On Friday (10 June) took place what the Chronicle called ‘the most remarkable instance of the Divine power that has yet marked this spiritual and practical religious revival.’ It happened at the Irish Society school. One of the schoolboys was so deeply affected by the Holy Spirit at work in his conscience that he couldn’t do his work. So his teacher sent him home to pray, along with an older boy who had become a Christian the day before. On their way home they passed an empty house, which they decided to use for prayer. They stayed there until the younger boy had found peace with God. But then he wanted to go back to school to tell his teacher what had happened. When he got back to class he said, “Oh sir, I am so happy I have the Lord Jesus in my heart.” He was so earnest that the rest of the class was deeply moved. One boy after another left the classroom to go out to the playground to kneel in prayer and ask God for forgiveness and mercy. A contemporary describes what happened, ‘Their silent grief soon broke into a bitter cry. As this reached the ears of the boys in the room, it seemed to pierce their hearts as… they cast themselves upon their knees and began to cry for mercy. The girls’ school was above, and the cry no sooner penetrated to their room, than… they, too, fell upon their knees and wept. Strange disorder for schoolmaster and mistress to have to control! The united cry reached the adjoining streets, and soon every spot on the premises was filled with sinners seeking God.’ Ministers came and spent the day in the school. The last person didn’t leave until 11 p.m. that evening.

For weeks afterwards open-air meetings took place every night, attended by thousands. The Town Hall was kept open all night, until 5 a.m., and even then people were reluctant to leave. A daily prayer meeting was begun in the Town Hall, which met every morning at 9.30, during the workers’ breakfast time. Normally about 1000 people came along each day—one fifth of the population of the town at that time! They came to give thanks to God for his miraculous work in the town and to pray for more blessing. One visitor described it as ‘an assembly of all ranks and ages, including an ex-M.P., strangers from a distance, and many of the labouring classes and the very poor of the town, who had been brought to Christ.’

There were many changes in Coleraine at that time because of this mighty work of God. Drunkenness, which had been a serious problem in the town, almost disappeared overnight. The Saturday of this remarkable week was a market day—usually a day blighted by much drunkenness. But this week there wasn’t a single incident. The Chronicle mentioned one pub which, until 3 p.m. that day, hadn’t sold a single glass of whiskey—unheard of on a market day in Coleraine! In fact, the most successful publican in the town had to close down because of the fall in demand for alcohol.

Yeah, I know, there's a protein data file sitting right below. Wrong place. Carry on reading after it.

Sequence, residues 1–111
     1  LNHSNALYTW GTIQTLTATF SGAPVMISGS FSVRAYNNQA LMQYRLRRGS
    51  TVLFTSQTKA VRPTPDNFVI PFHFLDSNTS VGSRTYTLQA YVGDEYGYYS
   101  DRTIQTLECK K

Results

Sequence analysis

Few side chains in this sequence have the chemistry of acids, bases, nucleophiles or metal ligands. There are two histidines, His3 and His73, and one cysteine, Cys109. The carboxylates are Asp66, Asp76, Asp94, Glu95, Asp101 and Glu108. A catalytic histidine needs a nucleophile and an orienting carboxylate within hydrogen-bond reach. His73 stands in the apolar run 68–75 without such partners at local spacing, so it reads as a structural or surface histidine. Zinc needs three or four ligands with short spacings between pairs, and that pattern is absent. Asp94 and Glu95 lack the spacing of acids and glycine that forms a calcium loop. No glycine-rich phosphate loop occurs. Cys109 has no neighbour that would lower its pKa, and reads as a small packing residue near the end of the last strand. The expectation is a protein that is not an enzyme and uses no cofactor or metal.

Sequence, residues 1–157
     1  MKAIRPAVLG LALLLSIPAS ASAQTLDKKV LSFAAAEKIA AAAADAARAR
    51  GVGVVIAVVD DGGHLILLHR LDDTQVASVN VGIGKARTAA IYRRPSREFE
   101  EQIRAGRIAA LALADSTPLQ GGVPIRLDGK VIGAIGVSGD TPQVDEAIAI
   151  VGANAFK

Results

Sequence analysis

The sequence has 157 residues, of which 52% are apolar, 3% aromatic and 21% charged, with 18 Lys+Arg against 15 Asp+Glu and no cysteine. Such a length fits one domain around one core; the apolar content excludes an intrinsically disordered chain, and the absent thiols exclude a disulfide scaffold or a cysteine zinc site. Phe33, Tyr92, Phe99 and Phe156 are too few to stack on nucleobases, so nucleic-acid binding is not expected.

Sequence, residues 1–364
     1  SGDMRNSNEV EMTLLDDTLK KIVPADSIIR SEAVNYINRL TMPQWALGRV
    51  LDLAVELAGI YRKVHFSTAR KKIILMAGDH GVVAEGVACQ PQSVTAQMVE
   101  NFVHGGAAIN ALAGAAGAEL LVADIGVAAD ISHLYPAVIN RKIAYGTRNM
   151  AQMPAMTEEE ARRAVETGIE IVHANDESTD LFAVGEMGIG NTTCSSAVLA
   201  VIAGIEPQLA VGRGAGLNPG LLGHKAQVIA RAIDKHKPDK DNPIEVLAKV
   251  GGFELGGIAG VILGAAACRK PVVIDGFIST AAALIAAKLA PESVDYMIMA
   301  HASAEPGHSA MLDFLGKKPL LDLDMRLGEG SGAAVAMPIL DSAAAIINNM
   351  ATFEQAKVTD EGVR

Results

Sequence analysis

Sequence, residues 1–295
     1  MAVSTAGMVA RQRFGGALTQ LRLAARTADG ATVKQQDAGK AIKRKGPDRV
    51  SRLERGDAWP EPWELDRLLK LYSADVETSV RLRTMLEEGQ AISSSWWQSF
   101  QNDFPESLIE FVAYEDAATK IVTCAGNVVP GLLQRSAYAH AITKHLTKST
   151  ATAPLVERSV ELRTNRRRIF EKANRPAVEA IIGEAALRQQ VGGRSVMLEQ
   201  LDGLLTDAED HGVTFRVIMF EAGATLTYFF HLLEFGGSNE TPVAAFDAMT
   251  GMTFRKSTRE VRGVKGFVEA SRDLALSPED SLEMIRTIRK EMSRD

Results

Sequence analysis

The revival led to a drop in crime in the area. ‘The Superior Officer of Police, who had work experience in most of the counties of Ireland, claimed he had never seen such a quiet town. There had been, in his view, a “complete reformation” in the habits of many people. The Head Constable, with eighteen years experience in Coleraine, said the Petty Sessions held on 17 June 1859 was the first he had ever attended where nobody was prosecuted for both riot and drunkenness.’

The 1859 revival in Coleraine was a spectacular, powerful, supernatural work of the Spirit of God. A contemporary, the Presbyterian minister John Weir, wrote in 1860 that in Coleraine, ‘the spiritual power of the Revival seems to have been manifested, in a degree, perhaps, surpassing any other place, at least up to that time.’ It wasn’t limited to any one class or personality or age. Old and young, rich and poor, religious and pagan were all alike brought to see that they needed to be rescued from the judgment of God upon them for their rebellion against him. In their hundreds they cried to God for mercy, and, as he promises, God heard their cries and saved them. ‘For whoever calls upon the name of the Lord will be saved.’ It was surely the most amazing and significant thing that has ever happened in our town. Certainly that was the Chronicle’s opinion, ‘Nothing at all approaching it in absorbing interest has ever before visited our country.’

That was many years ago however. By 1865 the Fair Hill, where it all began, had become a rubbish tip. Several years later the crime rates in Coleraine were extraordinarily high. Many thousands of men and women and children were transformed forever by the 1859 revival, but the history of the following years is proof that every generation, every human being, needs to be born again by God’s Holy Spirit. We cannot live in the past.

The ugly, evil things that have happened in our town in the last few months are a stark reminder to us that our town still needs today, more than anything else, this powerful, life-transforming work of God. Nothing else can change the human heart. Relatively few of us, by the mercy of God, are bigoted murderers or rapists or thieves, but all of us have turned our backs on God and gone our own way. All of us have sinned and fall short of God’s glory. All of us deserve his judgment for our rebellion against him.

And the good news of the Christian message is that there is mercy and forgiveness and salvation available for anyone who asks God for it. God’s power to save was shown in a dramatic way in 1859, but he still saves people today. We may or may not live to see a repeat of 1859 in our town, but you can experience that same release from guilt and judgment for yourself. For the God who turned our town around all those years ago is the same today as he was then. He can change you today every bit as profoundly and lastingly as he did so many who lived in our streets then.

Warren Peel

Warren Peel

Warren has been married to Ruth since 1998 and God has blessed them with four daughters. He is Pastor of Trinity RPC in Newtownabbey, Northern Ireland. He serves as a Trustee of the Banner of Truth.